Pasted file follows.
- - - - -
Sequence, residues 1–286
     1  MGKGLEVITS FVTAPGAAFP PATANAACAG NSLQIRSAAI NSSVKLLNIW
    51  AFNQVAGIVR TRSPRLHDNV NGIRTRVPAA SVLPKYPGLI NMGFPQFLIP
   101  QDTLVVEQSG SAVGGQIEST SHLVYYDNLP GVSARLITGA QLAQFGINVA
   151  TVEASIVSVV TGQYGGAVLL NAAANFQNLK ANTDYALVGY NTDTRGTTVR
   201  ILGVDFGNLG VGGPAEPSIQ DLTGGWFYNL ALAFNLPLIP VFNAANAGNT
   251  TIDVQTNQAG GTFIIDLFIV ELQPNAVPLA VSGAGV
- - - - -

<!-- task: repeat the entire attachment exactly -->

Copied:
Sequence, residues 1–286
     1  MGKGLEVITS FVTAPGAAFP PATANAACAG NSLQIRSAAI NSSVKLLNIW
    51  AFNQVAGIVR TRSPRLHDNV NGIRTRVPAA SVLPKYPGLI NMGFPQFLIP
   101  QDTLVVEQSG SAVGGQIEST SHLVYYDNLP GVSARLITGA QLAQFGINVA
   151  TVEASIVSVV TGQYGGAVLL NAAANFQNLK ANTDYALVGY NTDTRGTTVR
   201  ILGVDFGNLG VGGPAEPSIQ DLTGGWFYNL ALAFNLPLIP VFNAANAGNT
   251  TIDVQTNQAG GTFIIDLFIV ELQPNAVPLA VSGAGV